Dr. Rebecca Hall’s WAKE: The Hidden History of Women-Led Slave Revolts and Clint Smith’s How the Word is Passed: A Reckoning with the History of Slavery Across America both use unconventional formats (WAKE as a comic, Word as a series of personal-historical reflections) to illuminate parts of our history that up to now have been very hard to learn about. Comic artist Hugo Martinez’s drawings tell the story just as vividly as Hall’s words do; and in his audiobook, Clint’s voice carries the heaviness, lightness, humor, and intensity of the histories he’s sharing. Both books are arresting, unforgettable, energizing, and empowering.
In understanding what it means to be human and more human with other humans, I couldn’t have found better manuals than Brené Brown’s Atlas of the Heart and Patrisse Khan-Cullors’ An Abolitionist’s Handbook: 12 Steps to Changing Yourself and the World. Both use plain language and vivid stories to illuminate universal truths; Brown in the form of defining emotions, Khan-Cullors in the form of guiding readers to understand how to be in right relationship with one’s self, one’s people, and one’s community in order to be able to effect and sustain change. Both books left me different, and better, after reading.
Jess’ Poetry Picks //
I initially dipped into Camonghne Felix’s Build Yourself a Boat because I thought it was so cool that the director of strategic communications on Elizabeth Warren’s presidential campaign had written a book on poetry. What I quickly realized is that the same things that must have made her good at that job – clarity of thought, intensity of feeling, and inextricable connections between her personal story, the stories of others, and the world around her – are all the same characteristics that make her poetry so vivid and compelling. I originally got this as an audio book (which I recommend), and loved it so much I bought a bunch more printed copies (which I also recommend) as holiday gifts for activist and wonky friends.
Lat is an EMU student, a future librarian, and a Booksweet ARC Team reader. They couldn’t resist sharing their top three recs in categories: adult fiction, YA, and middlegrade. Get more great recs on their bog and follow them on Instagram @geographconcept.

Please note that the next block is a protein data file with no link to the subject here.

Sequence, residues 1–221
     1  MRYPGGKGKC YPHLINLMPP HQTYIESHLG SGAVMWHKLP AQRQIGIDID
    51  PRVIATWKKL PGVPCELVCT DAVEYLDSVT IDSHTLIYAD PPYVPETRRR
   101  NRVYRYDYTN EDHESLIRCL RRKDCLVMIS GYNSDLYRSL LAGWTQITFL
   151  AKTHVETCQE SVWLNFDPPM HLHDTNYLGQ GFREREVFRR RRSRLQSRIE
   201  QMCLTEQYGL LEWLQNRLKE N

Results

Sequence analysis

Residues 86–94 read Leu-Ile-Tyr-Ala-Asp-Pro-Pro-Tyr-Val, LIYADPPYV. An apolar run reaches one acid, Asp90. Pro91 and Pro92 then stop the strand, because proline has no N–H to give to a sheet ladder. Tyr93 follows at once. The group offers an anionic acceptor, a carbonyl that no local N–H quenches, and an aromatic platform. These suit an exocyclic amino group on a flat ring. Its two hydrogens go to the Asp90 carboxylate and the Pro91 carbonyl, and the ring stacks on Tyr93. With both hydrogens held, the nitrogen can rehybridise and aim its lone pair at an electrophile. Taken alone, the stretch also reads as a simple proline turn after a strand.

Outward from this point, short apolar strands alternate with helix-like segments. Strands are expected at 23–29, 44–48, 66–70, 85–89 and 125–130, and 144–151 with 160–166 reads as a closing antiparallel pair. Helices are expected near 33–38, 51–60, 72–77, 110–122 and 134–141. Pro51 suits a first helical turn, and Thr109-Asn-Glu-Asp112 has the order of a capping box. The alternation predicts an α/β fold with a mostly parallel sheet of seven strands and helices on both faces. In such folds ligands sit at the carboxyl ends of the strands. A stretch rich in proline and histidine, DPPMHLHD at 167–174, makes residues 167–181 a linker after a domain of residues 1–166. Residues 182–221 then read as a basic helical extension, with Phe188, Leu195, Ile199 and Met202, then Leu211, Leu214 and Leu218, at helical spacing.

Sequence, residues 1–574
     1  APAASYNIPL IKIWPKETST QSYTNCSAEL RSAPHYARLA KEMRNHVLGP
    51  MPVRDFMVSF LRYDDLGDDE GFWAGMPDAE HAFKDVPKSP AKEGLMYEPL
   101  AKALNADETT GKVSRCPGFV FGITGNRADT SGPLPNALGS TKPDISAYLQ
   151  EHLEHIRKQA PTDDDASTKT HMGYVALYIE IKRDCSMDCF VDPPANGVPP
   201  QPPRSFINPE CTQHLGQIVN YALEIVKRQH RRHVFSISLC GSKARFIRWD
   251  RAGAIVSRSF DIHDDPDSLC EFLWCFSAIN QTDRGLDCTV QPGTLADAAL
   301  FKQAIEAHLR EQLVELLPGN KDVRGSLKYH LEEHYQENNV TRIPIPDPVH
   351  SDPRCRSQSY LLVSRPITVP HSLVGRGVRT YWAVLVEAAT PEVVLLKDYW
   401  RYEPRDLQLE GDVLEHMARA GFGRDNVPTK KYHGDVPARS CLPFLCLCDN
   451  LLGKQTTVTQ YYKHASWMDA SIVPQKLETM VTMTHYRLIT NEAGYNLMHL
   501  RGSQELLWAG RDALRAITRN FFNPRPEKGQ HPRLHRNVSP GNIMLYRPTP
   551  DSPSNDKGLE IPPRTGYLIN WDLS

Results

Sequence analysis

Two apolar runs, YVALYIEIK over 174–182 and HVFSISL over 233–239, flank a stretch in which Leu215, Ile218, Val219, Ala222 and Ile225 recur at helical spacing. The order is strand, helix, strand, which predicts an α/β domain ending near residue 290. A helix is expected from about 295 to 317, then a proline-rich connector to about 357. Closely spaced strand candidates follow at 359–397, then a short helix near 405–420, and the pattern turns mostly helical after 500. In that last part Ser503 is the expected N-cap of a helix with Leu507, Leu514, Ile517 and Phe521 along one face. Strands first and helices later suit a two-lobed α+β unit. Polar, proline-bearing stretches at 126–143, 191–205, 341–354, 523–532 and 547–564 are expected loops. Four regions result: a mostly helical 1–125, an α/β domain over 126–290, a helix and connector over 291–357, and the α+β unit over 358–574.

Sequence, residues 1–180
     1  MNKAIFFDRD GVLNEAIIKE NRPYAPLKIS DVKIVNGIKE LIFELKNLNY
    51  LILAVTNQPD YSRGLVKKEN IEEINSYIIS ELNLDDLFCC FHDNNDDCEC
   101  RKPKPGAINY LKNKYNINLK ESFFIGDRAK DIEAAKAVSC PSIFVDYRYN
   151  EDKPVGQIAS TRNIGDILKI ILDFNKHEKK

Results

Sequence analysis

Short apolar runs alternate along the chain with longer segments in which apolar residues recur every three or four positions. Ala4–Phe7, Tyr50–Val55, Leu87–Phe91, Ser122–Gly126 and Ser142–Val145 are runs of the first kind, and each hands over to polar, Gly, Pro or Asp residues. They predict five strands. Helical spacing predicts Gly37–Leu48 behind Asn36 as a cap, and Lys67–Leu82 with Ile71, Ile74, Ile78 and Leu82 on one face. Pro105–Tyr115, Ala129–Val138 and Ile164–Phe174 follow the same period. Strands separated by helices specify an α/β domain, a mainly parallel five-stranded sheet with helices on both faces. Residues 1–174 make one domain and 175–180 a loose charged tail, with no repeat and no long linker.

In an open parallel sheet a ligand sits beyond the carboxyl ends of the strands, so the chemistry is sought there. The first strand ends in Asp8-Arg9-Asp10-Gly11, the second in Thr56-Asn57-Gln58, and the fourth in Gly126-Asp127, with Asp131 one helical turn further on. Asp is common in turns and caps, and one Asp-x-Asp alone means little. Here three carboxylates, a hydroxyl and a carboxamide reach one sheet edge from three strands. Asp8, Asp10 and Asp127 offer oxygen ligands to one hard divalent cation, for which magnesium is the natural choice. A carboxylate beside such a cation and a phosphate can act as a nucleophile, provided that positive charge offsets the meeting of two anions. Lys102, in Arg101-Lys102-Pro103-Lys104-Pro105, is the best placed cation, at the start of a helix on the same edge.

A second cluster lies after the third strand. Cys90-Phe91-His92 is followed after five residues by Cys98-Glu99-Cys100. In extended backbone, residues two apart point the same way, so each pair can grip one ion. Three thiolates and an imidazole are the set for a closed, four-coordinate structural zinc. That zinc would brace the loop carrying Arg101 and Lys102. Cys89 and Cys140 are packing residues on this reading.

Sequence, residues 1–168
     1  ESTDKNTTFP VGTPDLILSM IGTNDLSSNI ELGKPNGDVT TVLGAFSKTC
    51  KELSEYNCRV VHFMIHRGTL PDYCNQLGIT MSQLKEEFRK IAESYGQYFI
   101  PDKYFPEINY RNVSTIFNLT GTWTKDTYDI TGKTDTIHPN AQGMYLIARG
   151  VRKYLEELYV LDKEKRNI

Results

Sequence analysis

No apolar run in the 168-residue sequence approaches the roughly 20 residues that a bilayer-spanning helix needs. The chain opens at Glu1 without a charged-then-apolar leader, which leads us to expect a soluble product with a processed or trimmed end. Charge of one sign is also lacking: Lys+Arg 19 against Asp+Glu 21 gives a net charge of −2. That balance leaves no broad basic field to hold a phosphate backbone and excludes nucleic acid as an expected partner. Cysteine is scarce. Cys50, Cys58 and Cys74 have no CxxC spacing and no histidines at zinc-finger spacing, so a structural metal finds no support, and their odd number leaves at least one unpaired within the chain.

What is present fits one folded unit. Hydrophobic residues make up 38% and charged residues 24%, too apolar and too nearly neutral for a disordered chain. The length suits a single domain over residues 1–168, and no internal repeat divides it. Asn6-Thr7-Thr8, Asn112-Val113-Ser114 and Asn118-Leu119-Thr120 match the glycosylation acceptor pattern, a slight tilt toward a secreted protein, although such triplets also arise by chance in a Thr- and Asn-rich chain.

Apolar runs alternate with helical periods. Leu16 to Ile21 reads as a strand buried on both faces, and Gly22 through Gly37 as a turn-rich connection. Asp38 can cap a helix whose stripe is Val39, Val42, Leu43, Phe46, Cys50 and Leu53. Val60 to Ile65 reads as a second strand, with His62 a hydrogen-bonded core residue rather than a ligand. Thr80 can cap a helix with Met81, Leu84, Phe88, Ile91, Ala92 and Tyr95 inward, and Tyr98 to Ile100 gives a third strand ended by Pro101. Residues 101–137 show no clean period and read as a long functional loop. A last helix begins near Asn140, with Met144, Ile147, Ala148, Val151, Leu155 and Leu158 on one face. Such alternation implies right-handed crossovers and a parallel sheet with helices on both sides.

Lat’s Adult Picks //
Portrait of a Thief by Grace D Li
The Thing About Me is that I love art heists and also, girls. Portrait of a Thief draws you in, promising to be about art heists and as you are reading it, you start to realize that it’s also about girls. It’s compelling litfic about transitioning into an adult, the American Dream, and about the effects of colonialism we still see in art today. One of my top five reads of the year.
Ocean’s Echo by Everina Maxwell
I started reading this at 10am one day and then stayed up until 4am reading it until I Literally Passed Out, and then the first thing I did when I woke up was keep reading it. It’s a crunchy sci-fi novel with an incredible romance inside; romance readers will find it very crunchy and sci-fi readers will find it very romantic. It made me yell. It made me cry. If you loved Winter’s Orbit by Maxwell but wished it was more angsty, or if you want all the drama of The Bloodright Trilogy condensed into one book, Ocean’s Echo is for you.
Sea of Tranquility by Emily St John Mandel
This is a story that is a little about time travelers and a lot about choices we make and how they reverberate into the world around us. Which is also about time traveling, if you think about it. Which Sea of Tranquility does in fact proceed to do. It’s my favorite “timey-wimey” book since To Say Nothing of the Dog by Connie Willis. I actually read this book for college in 2022, and it was my favorite assigned reading — it’s really good to read like half of it and then compare your thoughts and predictions with a friend. Book club, anyone?
Lat’s YA Picks //
Hell Followed with Us by Andrew Joseph White
Whenever I talk about this book in casual conversation, I say “It’s about a trans boy escaping the eco-fascist cult that raised him,” which is an oversimplification and also acceptable for polite company. It’s about a trans boy who has been turned into a bioweapon against his will in an apocalyptic future and he escapes and he gets to be himself and his love interest is autistic and nonverbal. It’s about a bad end where the anti-trans bills that we’re seeing today succeed and queer people win despite everything. This book was my #1 book of the year, my #2 book of all time. It’s so, so, so important to me, and for this time. Pick it up for a cathartic read in 2023.
NOTE FROM BOOKSWEET: Lat will be leading a FREE book club discussion on Hell Followed with Us on Friday, March 17, 2023. Save the date for now — more coming very soon!
Self-Made Boys by Anna-Marie McLemore